LRP - Licenses

LRP - Regulations

LRP - Permits

Recreation - Statewide

Recreation - Trapping

Recreation - Fishing

Recreation - Hunting

Env. Protection - Management

Env. Protection - Emergency

Env. Protection - Resources

To sign up for updates or to access your subscriber preferences, please enter your contact information below.



 
Donate today: make a difference
Join the community of caretakers
Help preserve Wisconsin's State Natural Areas for future generations. Give to the Endangered Resources Fund today!
Donate today: make a difference
Find
a natural area by name.
Locate
a natural area by county.
Explore outdoors
and find places to go.
Use our interactive map
to find natural areas.
Volunteer
and help care for SNAs.
Contact information
For information on State Natural Areas, contact:
Thomas Meyer
Natural areas conservation biologist

Wisconsin State Natural Areas Program Red Cedar Lake (No. 215)

Red Cedar Lake

Photo by Joshua Mayer


Overview

Location

Jefferson County. T6N-R13E, Sections 17, 20, 21. 452 acres.

Description

Description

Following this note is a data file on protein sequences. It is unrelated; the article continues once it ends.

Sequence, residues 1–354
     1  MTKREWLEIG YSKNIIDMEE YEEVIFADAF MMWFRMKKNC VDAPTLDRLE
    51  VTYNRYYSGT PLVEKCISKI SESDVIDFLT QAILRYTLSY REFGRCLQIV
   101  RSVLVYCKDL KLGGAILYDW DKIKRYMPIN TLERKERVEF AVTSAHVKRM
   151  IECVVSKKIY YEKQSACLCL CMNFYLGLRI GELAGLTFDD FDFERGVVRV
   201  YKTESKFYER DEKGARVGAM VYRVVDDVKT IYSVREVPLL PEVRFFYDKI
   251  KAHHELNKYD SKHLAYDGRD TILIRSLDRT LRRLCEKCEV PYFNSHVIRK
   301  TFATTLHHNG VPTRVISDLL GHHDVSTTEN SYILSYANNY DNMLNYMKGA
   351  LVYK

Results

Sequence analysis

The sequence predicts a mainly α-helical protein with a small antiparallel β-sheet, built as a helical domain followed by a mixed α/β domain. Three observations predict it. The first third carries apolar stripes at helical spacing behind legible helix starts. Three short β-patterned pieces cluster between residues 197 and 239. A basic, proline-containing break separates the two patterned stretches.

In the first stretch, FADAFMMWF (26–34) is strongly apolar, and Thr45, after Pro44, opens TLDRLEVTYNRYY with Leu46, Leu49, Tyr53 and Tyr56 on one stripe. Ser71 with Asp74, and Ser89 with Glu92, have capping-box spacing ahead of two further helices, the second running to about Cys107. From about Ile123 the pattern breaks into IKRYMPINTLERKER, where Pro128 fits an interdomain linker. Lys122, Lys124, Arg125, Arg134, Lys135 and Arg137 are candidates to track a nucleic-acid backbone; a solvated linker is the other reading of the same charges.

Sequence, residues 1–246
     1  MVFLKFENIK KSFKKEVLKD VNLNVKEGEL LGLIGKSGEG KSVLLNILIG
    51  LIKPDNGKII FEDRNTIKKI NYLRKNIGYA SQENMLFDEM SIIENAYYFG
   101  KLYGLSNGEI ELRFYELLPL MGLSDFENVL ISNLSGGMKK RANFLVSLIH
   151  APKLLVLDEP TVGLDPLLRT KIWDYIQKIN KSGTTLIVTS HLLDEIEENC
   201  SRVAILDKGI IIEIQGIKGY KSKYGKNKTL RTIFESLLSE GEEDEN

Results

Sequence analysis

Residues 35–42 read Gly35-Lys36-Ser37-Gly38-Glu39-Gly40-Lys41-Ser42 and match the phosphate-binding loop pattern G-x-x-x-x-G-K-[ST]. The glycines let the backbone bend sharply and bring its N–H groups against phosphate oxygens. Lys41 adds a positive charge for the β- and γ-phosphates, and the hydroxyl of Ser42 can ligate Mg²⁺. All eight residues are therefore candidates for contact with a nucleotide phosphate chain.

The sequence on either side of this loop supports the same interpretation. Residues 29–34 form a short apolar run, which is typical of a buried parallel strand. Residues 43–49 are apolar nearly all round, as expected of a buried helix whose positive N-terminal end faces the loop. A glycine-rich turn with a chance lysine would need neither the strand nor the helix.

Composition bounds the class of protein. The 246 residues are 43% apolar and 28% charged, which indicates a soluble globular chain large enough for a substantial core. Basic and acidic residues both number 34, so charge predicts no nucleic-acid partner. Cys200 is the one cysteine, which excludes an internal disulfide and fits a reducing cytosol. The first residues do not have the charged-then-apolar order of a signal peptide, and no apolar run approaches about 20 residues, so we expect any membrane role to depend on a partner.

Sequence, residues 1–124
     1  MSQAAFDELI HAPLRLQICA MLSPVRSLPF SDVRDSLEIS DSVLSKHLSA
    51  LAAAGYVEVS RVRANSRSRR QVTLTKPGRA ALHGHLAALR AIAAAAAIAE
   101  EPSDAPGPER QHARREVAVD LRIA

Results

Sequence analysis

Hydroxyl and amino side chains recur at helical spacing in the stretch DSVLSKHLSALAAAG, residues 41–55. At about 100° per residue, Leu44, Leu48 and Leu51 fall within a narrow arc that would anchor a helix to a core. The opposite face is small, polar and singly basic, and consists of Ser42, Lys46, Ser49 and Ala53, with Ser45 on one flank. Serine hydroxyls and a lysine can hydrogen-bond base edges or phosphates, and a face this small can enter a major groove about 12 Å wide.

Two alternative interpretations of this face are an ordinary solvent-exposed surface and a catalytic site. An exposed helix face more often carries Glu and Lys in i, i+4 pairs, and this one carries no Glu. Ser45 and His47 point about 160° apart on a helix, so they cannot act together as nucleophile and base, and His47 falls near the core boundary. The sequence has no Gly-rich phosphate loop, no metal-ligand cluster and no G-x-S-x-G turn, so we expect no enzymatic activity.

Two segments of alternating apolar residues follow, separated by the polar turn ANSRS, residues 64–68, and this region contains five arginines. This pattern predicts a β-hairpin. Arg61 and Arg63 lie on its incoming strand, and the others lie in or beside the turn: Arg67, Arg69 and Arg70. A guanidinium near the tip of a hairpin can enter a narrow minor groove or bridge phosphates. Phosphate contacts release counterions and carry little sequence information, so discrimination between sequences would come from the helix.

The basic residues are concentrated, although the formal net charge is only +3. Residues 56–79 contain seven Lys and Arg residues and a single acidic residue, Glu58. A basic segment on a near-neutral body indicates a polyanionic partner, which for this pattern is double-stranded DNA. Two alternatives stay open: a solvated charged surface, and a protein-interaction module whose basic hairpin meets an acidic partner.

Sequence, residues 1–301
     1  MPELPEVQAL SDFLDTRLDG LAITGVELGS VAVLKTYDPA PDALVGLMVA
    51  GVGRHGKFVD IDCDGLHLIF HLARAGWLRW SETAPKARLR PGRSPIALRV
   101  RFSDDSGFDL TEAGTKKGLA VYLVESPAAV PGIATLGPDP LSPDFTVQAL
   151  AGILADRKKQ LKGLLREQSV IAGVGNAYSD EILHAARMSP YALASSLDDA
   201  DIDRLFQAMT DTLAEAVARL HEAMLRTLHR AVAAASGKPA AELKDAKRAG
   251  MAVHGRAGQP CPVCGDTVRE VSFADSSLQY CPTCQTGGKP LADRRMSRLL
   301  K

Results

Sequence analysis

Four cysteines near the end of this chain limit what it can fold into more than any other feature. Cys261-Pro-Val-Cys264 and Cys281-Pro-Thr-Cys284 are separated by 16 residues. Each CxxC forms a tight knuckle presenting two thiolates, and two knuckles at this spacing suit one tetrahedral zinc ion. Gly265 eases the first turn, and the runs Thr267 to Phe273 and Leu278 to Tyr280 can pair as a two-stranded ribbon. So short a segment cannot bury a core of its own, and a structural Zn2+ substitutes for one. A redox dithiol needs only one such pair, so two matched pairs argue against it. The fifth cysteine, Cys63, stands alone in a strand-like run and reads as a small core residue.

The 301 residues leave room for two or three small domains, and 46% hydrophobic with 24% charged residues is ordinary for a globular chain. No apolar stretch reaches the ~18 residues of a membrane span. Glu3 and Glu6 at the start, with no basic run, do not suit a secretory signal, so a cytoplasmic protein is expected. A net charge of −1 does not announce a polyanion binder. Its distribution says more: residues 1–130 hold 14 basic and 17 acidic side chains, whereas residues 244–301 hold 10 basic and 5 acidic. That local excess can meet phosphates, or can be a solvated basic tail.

Red Cedar Lake is a large, relatively undisturbed shallow lake containing an abundance of submerged and emergent aquatic vegetation. The irregularly shaped 370-acre hard water seepage lake is located in a marshy pocket of the terminal moraine. Although it has a maximum depth of six feet, 90% of the lake is less than three feet deep. The lake and extensive surrounding wetlands have a diverse submerged and emergent aquatic flora providing excellent habitat for numerous species of waterfowl and marsh birds. Plant species include watershield, pickerelweed, whorled water milfoil and common bladderwort. Cat-tails and soft-stem bulrush dominate the surrounding wetlands. Waterfowl use is extensive with an average of 60 breeding pairs of nine species. Numerous marsh birds also nest here including some uncommon species: yellow-headed blackbird, American bittern (Botaurus lentiginosus), least bittern (Ixobrychus exilis), great blue heron (Ardea herodias), green heron, and coots. The marsh also provides habitat for many other amphibians and reptiles including bullfrog, green frog, and Cope’s gray treefrog. Red Cedar Lake is owned by the DNR and was designated a State Natural Area in 1984.